This week, lawmakers voted to override all of Gov. Andy Beshear’s vetoes on their top bills and he sued the same day. On Wednesday, Franklin Circuit Court issued a restraining order that keeps one of those bills from going into effect immediately.
The lawsuit revolves around three of the six bills that saw veto override votes on Tuesday: House Bill 1, Senate Bill 1, and Senate Bill 2. All of these bills deal with the governor’s executive order powers in some capacity by: allowing businesses to stay open as long as they are complying with CDC guidelines rather than the restrictions set forth by the governor (House Bill 1), placing limits on a governor’s executive order powers during an emergency (Senate Bill 1), and increasing legislative oversight over Emergency Administrative Regulations issued by the governor (Senate Bill 2).
Franklin Circuit Court issued an opinion Wednesday afternoon stopping the immediate implementation and enforcement of a section of House Bill 1.
“The Court finds that the Governor has presented a substantial legal issue on the merits of those questions regarding House Bill 1, that the public interest demands a delay in implementation of that portion of the legislation, that immediate implementation of that portion of House Bill 1 would pose a clear and present danger to public health and would undermine any effective public health strategy to contain COVID19, and that the balance of the equities and public interest weigh heavily in favor of issuance of a temporary restraining order on this limited point,” the court document states.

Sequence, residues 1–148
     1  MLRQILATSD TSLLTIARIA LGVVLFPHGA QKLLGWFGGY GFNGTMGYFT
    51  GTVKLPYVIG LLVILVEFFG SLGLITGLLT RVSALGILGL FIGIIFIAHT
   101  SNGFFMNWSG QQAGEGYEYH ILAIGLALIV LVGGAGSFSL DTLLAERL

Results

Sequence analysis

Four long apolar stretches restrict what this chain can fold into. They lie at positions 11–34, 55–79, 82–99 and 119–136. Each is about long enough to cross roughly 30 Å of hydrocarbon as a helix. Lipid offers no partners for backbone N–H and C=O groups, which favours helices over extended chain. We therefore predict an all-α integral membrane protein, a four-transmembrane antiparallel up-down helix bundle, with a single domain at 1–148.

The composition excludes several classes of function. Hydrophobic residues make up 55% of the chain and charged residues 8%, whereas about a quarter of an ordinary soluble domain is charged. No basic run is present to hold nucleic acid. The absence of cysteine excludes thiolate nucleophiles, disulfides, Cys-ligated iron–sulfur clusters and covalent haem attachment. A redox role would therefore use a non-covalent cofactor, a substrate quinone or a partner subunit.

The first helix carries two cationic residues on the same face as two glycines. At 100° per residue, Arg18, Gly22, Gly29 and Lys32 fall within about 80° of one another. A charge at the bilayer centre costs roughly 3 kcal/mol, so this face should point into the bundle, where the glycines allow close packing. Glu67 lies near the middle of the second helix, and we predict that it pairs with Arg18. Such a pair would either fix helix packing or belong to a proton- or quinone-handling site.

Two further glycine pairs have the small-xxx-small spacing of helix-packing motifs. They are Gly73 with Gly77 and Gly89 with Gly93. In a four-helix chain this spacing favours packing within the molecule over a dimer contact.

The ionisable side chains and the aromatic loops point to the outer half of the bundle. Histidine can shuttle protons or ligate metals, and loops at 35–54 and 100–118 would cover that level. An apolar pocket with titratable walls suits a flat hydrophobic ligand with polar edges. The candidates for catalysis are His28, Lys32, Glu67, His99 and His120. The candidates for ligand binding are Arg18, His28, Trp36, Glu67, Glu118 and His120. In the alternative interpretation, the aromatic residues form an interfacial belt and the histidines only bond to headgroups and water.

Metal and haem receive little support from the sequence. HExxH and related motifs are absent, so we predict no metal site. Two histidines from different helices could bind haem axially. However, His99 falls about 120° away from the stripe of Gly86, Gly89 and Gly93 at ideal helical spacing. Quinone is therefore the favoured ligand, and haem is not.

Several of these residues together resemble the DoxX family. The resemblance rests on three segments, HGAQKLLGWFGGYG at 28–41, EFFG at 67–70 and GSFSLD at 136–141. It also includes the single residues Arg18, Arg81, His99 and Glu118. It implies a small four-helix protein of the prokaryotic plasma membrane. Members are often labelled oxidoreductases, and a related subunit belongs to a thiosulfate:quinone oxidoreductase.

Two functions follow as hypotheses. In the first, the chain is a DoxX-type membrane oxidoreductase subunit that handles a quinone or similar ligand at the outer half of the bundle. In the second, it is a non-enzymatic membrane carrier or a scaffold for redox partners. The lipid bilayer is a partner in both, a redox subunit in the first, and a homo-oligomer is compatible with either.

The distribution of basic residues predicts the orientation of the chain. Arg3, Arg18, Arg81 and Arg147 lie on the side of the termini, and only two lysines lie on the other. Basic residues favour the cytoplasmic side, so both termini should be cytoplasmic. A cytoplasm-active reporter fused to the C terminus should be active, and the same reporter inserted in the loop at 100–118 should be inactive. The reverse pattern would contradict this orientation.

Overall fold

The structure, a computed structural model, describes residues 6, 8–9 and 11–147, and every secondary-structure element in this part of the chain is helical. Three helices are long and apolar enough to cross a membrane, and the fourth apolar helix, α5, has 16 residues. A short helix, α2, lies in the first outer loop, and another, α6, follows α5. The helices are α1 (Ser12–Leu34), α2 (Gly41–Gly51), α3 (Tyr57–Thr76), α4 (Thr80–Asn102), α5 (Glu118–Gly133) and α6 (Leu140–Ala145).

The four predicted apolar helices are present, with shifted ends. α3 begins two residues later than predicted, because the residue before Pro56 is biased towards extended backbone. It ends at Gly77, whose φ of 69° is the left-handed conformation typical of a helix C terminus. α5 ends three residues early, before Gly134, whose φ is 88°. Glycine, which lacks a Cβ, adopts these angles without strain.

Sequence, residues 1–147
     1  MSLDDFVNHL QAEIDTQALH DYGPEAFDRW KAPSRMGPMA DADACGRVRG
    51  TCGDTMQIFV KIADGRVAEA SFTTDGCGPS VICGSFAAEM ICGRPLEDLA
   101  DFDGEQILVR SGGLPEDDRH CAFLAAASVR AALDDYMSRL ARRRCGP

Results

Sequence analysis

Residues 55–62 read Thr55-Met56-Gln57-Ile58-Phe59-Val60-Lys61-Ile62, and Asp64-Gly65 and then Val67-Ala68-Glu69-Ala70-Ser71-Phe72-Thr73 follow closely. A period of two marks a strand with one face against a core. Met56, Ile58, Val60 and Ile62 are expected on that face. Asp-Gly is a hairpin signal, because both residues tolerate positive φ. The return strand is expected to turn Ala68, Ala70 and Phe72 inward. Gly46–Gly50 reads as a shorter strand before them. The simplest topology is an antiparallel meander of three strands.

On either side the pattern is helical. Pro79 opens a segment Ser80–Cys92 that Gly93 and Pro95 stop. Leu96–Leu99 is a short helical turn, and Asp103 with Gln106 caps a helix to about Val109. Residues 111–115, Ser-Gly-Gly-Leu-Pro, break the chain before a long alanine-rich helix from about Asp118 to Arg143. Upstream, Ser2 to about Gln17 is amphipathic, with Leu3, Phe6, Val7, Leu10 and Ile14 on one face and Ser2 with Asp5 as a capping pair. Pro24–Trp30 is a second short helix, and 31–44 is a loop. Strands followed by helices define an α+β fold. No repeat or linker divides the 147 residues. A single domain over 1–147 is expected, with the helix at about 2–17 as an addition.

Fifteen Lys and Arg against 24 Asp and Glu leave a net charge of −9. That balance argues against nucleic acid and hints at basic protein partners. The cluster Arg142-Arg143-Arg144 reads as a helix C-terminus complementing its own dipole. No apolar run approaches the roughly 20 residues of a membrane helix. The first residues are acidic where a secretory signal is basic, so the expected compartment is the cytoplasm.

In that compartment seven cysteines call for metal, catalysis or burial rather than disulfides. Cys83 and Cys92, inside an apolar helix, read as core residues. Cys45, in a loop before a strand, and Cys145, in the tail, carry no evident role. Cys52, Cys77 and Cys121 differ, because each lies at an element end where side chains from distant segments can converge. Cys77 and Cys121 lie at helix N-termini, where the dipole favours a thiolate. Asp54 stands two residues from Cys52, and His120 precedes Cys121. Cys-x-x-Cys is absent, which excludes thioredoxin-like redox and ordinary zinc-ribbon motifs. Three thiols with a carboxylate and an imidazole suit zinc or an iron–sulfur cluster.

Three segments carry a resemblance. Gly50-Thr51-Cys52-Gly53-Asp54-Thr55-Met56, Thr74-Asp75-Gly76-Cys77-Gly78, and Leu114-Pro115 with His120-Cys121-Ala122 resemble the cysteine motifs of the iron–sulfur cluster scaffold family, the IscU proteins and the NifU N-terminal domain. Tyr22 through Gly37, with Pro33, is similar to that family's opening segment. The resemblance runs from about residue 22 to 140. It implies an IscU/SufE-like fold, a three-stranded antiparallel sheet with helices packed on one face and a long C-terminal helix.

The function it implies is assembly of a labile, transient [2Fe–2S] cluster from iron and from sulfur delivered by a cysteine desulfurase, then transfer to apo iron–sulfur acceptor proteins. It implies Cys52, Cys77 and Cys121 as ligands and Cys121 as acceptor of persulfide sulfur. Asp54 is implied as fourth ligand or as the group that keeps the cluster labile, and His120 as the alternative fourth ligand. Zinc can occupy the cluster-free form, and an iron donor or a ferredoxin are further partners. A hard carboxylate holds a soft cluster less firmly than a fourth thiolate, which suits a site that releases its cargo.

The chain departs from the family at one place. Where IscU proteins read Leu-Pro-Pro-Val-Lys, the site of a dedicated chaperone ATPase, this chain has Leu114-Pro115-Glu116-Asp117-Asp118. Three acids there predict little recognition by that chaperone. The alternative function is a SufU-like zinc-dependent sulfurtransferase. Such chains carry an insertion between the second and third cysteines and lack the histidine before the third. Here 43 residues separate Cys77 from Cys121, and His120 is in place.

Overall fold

The restraining order will remain in effect for 30 days unless extended by the court and the issue will finally be decided following a full briefing and hearing set for this month.
Gov. Beshear issued the following statement Wednesday night:
“I have taken difficult but necessary steps to stop the spread of COVID and save lives in Kentucky. Today, the Franklin Circuit Court’s order stated that House Bill 1 would ‘create chaos and undermine any effective enforcement of public health standards to prevent the spread of this deadly disease during this pandemic.’ I don’t use emergency powers because I want to. I use them because it is my duty to preserve the lives of Kentuckians.”
Judge Phillip J. Shepherd did not grant Beshear’s request for injunction on the other two bills targeted in his lawsuit, Senate Bill 1 and Senate Bill 2.
Full hearings will be conducted on all three issues to decide their constitutionality. Stay tuned to The Bottom Line for more information.
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